Finding a "safety syntax" for classes

Herby Vojčík herby at mailbox.sk
Wed Mar 21 04:03:30 PDT 2012


Allen Wirfs-Brock wrote:
> We can live quite nicely with treating class declaration like const
> declarations. The name is logically hoisted so it is visible over the
> lexical scope, but the name is temporally dead until the class
> declaration is executed, in statement sequence, as an initializer. That
> means that we can have circular references between classes and forward
> references in inner functions to classes. The class declaration just
> need to be initialized before any such reference is actually evaluated.
> Its TDZ for classes.

+1 (I wrote similar thing)

> ...
>
> So here is my one possibly future hostile (or we need to decide now) issue:
>
> class A {};
> A.classProperty="A";
> class B extends A {};
> Console.log(B.classProperty); //"A" or undefined??
>
> I don't believe Russell said, one way or the other. Potentially either
He said "A" in answer to my post (where I assumed he means "A", I think 
it should be "A"):
>> [about Russell's proposal]: I silently assume here that extends
>> creates, of course, double chain (constuctor inherits as well as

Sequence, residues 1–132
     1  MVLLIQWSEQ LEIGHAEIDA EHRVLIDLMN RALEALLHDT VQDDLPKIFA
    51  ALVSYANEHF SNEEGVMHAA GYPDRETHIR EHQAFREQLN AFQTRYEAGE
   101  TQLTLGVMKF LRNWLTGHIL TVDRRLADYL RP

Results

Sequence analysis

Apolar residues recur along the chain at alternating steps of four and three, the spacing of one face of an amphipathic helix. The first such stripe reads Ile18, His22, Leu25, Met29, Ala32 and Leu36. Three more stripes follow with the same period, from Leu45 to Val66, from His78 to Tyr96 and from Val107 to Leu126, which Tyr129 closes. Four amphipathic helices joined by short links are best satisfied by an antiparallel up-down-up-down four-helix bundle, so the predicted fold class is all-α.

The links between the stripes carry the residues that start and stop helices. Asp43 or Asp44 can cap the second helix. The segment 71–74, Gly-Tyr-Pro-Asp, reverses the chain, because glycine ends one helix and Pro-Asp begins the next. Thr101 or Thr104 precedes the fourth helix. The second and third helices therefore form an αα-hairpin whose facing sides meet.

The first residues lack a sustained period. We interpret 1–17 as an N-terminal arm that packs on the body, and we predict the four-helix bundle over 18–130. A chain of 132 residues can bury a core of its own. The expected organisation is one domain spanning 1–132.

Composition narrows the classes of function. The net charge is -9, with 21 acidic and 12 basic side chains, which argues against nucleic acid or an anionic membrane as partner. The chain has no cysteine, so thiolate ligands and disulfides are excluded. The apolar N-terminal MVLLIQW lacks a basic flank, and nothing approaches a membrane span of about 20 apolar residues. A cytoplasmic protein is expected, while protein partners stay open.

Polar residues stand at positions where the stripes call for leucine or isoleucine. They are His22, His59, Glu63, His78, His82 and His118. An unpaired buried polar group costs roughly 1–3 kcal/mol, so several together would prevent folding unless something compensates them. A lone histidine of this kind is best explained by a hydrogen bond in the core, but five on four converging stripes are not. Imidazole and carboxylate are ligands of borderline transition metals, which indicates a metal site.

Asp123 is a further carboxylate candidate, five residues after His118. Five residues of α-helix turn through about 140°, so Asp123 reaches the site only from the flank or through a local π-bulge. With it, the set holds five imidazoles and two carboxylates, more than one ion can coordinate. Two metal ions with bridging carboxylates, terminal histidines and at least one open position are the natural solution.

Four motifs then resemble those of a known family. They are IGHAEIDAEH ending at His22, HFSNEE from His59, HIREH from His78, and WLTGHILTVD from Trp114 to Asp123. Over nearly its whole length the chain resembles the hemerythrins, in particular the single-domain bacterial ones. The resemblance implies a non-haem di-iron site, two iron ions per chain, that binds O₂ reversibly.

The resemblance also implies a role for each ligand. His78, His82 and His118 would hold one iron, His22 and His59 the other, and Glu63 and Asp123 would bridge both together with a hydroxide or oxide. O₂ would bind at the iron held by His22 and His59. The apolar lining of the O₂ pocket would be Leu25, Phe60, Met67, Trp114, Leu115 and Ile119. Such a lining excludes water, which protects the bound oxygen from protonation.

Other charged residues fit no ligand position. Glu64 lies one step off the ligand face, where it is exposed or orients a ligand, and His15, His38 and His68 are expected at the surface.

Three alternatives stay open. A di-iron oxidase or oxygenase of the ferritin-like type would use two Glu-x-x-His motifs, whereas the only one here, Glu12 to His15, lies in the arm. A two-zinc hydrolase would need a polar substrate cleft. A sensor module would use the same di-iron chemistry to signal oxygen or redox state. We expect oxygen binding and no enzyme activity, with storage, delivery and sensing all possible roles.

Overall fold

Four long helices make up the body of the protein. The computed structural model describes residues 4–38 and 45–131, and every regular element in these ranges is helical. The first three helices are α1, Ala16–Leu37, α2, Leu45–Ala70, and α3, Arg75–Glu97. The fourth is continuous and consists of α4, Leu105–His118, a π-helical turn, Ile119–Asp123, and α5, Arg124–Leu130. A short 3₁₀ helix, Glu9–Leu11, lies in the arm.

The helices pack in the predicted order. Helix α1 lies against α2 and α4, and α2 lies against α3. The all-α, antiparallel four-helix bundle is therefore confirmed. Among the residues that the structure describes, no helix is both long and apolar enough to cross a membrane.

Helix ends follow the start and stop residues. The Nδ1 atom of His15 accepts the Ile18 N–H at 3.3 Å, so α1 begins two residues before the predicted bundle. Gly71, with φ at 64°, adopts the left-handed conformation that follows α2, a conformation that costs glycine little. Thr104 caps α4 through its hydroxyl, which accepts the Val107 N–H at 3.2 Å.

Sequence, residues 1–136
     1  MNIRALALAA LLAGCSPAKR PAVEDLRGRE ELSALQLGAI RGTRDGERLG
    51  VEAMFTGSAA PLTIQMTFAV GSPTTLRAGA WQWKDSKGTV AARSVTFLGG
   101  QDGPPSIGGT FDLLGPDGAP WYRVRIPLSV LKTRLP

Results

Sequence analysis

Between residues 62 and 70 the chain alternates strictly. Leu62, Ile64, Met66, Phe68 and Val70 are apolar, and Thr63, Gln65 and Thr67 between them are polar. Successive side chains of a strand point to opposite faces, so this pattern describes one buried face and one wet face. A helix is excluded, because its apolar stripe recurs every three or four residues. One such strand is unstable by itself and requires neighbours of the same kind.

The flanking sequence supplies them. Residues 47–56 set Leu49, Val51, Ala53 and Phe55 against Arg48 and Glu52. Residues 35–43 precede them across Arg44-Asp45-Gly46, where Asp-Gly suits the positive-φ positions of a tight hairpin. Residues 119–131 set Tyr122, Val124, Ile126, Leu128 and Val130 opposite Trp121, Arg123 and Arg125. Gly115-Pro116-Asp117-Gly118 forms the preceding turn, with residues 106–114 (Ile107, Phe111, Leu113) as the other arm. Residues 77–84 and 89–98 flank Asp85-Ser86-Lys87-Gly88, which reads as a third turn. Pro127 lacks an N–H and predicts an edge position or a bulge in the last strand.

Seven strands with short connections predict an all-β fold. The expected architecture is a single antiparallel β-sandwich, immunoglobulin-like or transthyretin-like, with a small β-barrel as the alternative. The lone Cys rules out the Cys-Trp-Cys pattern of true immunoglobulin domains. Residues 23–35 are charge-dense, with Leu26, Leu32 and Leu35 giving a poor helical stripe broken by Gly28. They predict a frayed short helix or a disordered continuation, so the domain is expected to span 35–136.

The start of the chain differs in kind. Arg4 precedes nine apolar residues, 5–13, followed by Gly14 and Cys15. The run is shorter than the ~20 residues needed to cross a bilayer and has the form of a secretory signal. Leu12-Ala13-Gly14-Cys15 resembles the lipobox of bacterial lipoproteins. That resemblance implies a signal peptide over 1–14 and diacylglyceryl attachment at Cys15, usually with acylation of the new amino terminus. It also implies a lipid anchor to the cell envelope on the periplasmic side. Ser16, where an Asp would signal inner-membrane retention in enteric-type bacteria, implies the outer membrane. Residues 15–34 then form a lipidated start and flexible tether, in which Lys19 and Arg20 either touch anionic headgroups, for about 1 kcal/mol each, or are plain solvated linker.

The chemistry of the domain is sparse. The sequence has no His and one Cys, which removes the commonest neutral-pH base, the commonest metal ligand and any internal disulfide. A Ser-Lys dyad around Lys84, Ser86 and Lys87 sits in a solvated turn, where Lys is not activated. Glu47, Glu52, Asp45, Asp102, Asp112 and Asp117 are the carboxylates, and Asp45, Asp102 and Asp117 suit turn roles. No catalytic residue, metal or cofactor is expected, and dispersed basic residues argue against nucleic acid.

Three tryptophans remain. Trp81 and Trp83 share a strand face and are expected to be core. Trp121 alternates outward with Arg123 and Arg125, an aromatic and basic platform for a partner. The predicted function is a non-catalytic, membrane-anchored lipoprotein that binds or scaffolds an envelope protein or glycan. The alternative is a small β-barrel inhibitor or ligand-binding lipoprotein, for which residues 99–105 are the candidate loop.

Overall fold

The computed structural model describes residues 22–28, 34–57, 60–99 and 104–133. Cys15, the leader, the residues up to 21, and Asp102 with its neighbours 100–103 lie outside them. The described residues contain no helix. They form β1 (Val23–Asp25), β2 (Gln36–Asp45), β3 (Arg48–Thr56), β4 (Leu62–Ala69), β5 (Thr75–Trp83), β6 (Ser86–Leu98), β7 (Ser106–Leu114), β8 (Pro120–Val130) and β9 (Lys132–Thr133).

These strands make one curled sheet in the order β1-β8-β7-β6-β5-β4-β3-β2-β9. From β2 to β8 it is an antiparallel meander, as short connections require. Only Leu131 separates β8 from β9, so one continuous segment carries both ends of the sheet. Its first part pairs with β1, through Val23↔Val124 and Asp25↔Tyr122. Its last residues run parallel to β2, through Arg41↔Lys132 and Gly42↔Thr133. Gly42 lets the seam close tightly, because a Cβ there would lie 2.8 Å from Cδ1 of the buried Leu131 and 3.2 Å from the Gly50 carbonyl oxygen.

>> prototype inherits, not just the latter)
>
> Correct

> way could be seen as future hostile if you think the "right" answer is
> the other one (and we have to do something in this regard). Personally I
> think the answer should be "A" which implies that we have class-side
> inheritance. This is a departure from current practice but because
> "classes are functions" there is no way in ES<=5.1 to set up class side
> inheritance other than by mutating __proto__.
>
> We could make an accommodation that this only occurs if the "superclass"
> object is a function. Otherwise, the "superclass" is only uses as the
> [[Prototype]] of the prototype and the constructor function simply
> inherits from Function prototype. BTW, I assume the thing the the right
> of extends is an expression.
>
> So, if you could say:
> class B extends A.prototype {}

Please, rather different syntax (or nothing) then different behaviour 
based on context.
After all, this is the less usual case, and can be achieved by:

let B = A.prototype <| function () {
   ...
}.prototype.{
   ...
}

> if you don't want the class-side inheritance
>
> To wrap up, this look really promising if we can restrict the feature
> scope in the manner Russell suggests. Hey, I could knock this off and
> have it in the spec. draft in a couple days work. There just isn't that
> much to it.
>
> Allen

Herby


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